In some respects these speakers are making the new economic conditions work for them.  Several of the commentators on the original blog piece have made the clumsy parallel that these appearance fees are the equivalent to the live music performance.  However, this isn't quite an easy equivalent to make, especially for a band where the fees are spilt.  It might work for solo artists...  It has been suggest that these authors are writing the books with the intention being they will make the real money by touring.

So, is it really that ironic?

[EDIT] It seems like Cory Doctorow has actually responded to the blog post pointing out that he seldom charges for public appearance at all. He does them mostly for, you guessed it, free.


Crosbie Fitch said...

It is not the intellectual work that is to be free, but the public - to copy as they used to be free to, prior to the 18th century privilege of copyright that suspended that natural right.

Those who would restore the people's cultural liberty have absolutely no problem charging for their intellectual work. Having an audience free to copy your performance doesn't preclude them paying you to perform.

Have you not heard 'Free as in free speech, not as in free beer'?

Rob said...

Thanks for the post, Crosbie. This sounds like the distinction James Boyle (amongst others) makes in the The Public Domain.

I have no problem with 'free' as in 'liberty' but I'm guessing that the original author was equating the 'ironic' 'free' with zero cost. Perhaps I conflated the dual articulation when I invoked the notion of the public domain? Perhaps I shouldn't have raised that spectre.

It seemed to me that original post was addressing this issue (eg "giving away content for free as a business model"). As far as I can tell, many of the people that were invoked prefer to be paid for their intellectual work (whatever the format), but there are instances they duly acknowledge when this is not always possible (eg some forms of piracy). Doctorow encourages his readers to make various ebook translations, Anderson gave away a version of his audiobook via iTunes.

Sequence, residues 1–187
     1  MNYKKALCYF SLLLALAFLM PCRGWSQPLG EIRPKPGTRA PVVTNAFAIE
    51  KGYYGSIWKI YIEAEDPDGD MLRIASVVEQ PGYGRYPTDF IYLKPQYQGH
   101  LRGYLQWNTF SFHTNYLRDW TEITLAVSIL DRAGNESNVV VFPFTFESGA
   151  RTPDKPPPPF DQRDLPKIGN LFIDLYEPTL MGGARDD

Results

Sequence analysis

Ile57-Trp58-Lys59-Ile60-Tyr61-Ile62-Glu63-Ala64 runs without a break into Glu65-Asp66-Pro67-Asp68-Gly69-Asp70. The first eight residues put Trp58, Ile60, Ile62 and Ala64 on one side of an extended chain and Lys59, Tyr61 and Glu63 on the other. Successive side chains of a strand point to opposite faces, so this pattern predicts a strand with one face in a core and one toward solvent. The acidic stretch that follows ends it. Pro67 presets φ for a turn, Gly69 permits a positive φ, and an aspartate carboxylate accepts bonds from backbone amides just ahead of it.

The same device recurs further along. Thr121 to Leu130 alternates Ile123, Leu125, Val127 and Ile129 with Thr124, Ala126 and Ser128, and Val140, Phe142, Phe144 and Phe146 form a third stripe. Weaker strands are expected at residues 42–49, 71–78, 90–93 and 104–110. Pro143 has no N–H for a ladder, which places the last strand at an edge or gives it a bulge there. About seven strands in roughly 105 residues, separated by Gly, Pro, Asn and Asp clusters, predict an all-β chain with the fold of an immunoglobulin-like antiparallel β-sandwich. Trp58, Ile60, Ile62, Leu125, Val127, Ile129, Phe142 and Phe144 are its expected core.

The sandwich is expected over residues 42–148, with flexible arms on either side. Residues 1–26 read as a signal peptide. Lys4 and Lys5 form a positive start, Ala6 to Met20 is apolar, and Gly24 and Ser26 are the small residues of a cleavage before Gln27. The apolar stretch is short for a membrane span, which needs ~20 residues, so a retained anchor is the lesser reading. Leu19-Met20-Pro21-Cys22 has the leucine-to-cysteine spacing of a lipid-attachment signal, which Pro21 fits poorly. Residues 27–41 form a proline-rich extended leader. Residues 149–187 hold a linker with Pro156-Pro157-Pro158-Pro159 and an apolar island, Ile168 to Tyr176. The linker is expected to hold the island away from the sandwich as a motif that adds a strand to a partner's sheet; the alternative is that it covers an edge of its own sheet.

Crosbie Fitch said...

There is sometimes a need to give away one's work, e.g. as a promotional loss leader by an as yet undiscovered artist.

Thus independent film makers may give away their films (freely shareable by a virally discovering audience) to build up a fan base that they can then invite a commission from to fund the production of further works. One cannot expect to be commissioned by those who despite auditioning one's work do not find it to their taste or interest.

A musician may be commissioned by their fans to perform in a recording studio in exchange for the publication of that recording (freely shareable), just as they may be commissioned to perform in a stadium. In both cases ordering of tickets can be used to determine whether there are enough funds to make it worth the musician's labour and costs.

That fans are once again at liberty to make, distribute, and sell copies is only a problem to the copyright exploitation industry. For the musician this is a big chunk of a recording label's 99% commission on sale of copies. Hence the modern musician no longer employs the services of a label. By deal with their fans directly they get 100% of their fans' commission. Moreover, all copies, distribution, and promotion are performed by their audience for nothing. It's a better deal for both. The artist and their audience get their liberty back (otherwise in the hands of the label). And consequently liberated fans commission more enthusiastically.

This is the future we're moving to - despite the best efforts of the traditionalists trying to hold it back (lobbying for the re-enforcement of their 18th century privilege of copyright).

Doctorow is still not quite there yet - compromised by commercial considerations.

Even more discussion:

Rob said...

Great comments, Crosbie, thanks